The emergence of artemisinin-resistant Plasmodium falciparum in Southeast Asia threatens malaria treatment efficacy. Mutations in a kelch protein encoded on P. falciparum chromosome 13 (K13) have been associated with resistance in vitro and in field samples from Cambodia. P. falciparum infections from artesunate efficacy trials in Bangladesh, Cambodia, Laos, Myanmar, and Vietnam were genotyped at 33 716 genome-wide single-nucleotide polymorphisms (SNPs). Linear mixed models were used to test associations between parasite genotypes and parasite clearance half-lives following artesunate treatment. K13 mutations were tested for association with artemisinin resistance, and extended haplotypes on chromosome 13 were examined to determine whether mutations arose focally and spread or whether they emerged independently. The presence of nonreference K13 alleles was associated with prolonged parasite clearance half-life (P = 1.97 × 10(-12)). Parasites with a mutation in any of the K13 kelch domains displayed longer parasite clearance half-lives than parasites with wild-type alleles. Haplotype analysis revealed both population-specific emergence of mutations and independent emergence of the same mutation in different geographic areas. K13 appears to be a major determinant of artemisinin resistance throughout Southeast Asia. While we found some evidence of spreading resistance, there was no evidence of resistance moving westward from Cambodia into Myanmar. © The Author 2014. Published by Oxford University Press on behalf of the Infectious Diseases Society of America. All rights reserved. For Permissions, please e-mail: journals.permissions@oup.com.
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              Emergence of Indigenous Artemisinin-Resistant Plasmodium falciparum in Africa.

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                Author and article information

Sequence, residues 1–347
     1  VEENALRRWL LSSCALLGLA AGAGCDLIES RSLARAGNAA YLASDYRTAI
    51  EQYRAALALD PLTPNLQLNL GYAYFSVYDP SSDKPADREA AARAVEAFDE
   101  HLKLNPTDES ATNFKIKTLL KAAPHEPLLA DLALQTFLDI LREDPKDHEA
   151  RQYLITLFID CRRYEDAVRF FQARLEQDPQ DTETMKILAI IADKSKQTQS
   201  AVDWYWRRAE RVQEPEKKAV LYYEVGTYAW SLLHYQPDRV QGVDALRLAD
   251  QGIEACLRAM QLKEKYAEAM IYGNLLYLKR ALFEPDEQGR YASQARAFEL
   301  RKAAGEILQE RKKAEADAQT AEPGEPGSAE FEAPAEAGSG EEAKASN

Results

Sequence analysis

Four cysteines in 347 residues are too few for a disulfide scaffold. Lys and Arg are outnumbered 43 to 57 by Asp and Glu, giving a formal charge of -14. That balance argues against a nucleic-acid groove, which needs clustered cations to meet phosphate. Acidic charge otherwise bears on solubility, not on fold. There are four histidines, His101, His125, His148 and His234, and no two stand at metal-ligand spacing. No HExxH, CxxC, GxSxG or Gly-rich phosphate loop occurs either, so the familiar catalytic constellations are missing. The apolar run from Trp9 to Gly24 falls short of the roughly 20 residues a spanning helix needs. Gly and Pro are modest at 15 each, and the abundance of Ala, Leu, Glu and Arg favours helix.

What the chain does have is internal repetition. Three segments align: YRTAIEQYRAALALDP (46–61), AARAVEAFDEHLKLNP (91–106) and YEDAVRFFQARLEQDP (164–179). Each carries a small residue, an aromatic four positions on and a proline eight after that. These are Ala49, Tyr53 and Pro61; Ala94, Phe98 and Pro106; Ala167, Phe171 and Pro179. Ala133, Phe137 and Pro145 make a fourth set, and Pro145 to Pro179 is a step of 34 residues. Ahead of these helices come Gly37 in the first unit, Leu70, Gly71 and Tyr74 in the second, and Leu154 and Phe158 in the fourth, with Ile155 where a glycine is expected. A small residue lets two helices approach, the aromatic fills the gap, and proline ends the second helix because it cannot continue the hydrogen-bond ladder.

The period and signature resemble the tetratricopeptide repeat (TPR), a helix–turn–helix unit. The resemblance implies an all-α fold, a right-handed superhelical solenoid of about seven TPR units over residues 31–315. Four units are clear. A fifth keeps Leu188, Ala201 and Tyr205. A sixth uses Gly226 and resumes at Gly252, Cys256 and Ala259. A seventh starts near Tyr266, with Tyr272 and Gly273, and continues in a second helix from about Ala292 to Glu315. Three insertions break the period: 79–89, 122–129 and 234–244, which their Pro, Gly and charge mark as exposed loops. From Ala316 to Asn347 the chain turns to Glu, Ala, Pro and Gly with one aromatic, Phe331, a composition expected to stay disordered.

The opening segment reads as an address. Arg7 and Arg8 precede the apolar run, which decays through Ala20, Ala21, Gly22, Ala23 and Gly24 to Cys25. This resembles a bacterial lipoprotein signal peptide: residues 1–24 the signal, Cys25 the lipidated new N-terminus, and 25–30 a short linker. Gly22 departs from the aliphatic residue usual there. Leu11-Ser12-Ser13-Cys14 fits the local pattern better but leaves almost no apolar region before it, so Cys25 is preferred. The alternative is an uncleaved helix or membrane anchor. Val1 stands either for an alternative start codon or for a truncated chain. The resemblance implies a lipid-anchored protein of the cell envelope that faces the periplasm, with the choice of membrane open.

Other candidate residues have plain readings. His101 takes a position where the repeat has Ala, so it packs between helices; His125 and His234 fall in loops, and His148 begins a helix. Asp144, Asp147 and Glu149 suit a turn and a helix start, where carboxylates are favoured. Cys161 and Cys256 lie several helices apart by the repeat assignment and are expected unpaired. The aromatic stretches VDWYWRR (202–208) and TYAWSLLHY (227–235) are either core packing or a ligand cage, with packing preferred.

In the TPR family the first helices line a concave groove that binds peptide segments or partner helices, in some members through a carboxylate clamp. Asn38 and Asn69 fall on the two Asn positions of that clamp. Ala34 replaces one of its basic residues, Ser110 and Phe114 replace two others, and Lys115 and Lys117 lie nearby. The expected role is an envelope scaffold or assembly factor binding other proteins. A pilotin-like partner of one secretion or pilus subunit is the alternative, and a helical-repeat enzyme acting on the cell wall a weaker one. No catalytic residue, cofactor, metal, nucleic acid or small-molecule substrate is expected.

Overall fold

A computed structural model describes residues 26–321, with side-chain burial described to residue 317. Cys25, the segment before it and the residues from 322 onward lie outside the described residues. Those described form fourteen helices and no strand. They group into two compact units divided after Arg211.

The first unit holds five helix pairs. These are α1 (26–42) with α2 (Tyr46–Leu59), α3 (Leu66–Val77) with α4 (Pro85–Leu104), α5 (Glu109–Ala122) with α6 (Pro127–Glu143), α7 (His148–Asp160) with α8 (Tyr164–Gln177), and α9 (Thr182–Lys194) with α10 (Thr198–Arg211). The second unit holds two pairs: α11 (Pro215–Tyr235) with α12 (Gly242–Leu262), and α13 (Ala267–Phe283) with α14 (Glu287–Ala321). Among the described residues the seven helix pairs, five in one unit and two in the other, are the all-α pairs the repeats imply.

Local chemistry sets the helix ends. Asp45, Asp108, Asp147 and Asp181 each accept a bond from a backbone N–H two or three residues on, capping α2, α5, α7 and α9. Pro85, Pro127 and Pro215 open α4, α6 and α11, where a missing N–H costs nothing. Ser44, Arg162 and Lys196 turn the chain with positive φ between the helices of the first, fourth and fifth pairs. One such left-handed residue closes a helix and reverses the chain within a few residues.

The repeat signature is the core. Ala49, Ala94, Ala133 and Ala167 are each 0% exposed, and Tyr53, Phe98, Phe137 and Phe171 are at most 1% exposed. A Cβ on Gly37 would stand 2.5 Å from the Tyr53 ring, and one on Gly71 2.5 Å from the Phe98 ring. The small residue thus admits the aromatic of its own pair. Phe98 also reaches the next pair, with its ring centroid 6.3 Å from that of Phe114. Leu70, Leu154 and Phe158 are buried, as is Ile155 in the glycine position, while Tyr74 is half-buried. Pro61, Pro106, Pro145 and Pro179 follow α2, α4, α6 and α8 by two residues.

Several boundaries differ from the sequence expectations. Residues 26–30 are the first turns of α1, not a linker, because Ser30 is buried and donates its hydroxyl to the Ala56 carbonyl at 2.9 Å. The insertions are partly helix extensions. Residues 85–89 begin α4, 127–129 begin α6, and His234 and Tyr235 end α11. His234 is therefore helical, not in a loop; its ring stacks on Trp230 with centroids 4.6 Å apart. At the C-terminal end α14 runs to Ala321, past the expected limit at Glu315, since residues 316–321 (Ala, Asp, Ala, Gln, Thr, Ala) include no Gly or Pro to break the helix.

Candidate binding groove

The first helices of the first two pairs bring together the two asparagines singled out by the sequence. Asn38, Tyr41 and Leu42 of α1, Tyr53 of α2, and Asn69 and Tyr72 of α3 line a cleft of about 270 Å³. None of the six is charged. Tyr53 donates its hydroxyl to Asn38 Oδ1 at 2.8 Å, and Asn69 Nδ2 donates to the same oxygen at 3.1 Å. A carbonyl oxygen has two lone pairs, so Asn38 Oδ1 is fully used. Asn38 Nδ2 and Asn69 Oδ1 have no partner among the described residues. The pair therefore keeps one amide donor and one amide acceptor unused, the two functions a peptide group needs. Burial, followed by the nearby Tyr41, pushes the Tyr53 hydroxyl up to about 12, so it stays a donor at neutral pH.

Contributors
                dahan2004@hotmail.com
                Journal
                Malar J
                Malar. J
                Malaria Journal
                BioMed Central (London )
                1475-2875
                11 July 2019
                11 July 2019
                2019
                : 18
                Affiliations
                [1 ]ISNI 0000000121633745, GRID grid.3575.4, Global Malaria Programme, World Health Organization, ; 20 Avenue Appia, 1211 Geneva 27, Switzerland
                [2 ]World Health Organization, Mogadishu, Somalia
                [3 ]Ministry of Health, Puntland, Somalia
                [4 ]INTERSOS, Jowhar Hospital, Jowhar town, Jowhar, Somalia
                [5 ]GRID grid.418537.c, Malaria Molecular Epidemiology Unit, , Pasteur Institute in Cambodia, ; Phnom Penh, Cambodia
                [6 ]Ministry of Health and Human Service, Mogadishu, Somalia
                [7 ]World Health Organization, Hargeisa, Somalia
                [8 ]ISNI 0000 0001 2353 6535, GRID grid.428999.7, Malaria Translational Research Unit, , Pasteur Institute, ; Paris, France
                [9 ]ISNI 0000 0000 9919 9582, GRID grid.8761.8, Present Address: University of Gothenburg, ; Gothenburg, Sweden
                Article
                2864
                10.1186/s12936-019-2864-1
                6624891
                31296223
                © The Author(s) 2019

                Open AccessThis article is distributed under the terms of the Creative Commons Attribution 4.0 International License ( http://creativecommons.org/licenses/by/4.0/), which permits unrestricted use, distribution, and reproduction in any medium, provided you give appropriate credit to the original author(s) and the source, provide a link to the Creative Commons license, and indicate if changes were made. The Creative Commons Public Domain Dedication waiver ( http://creativecommons.org/publicdomain/zero/1.0/) applies to the data made available in this article, unless otherwise stated.

                Funding
                Funded by: FundRef http://dx.doi.org/10.13039/100000865, Bill and Melinda Gates Foundation;
                Award ID: OPP1140599
                Award Recipient :
                Categories
                Research
                Custom metadata
                © The Author(s) 2019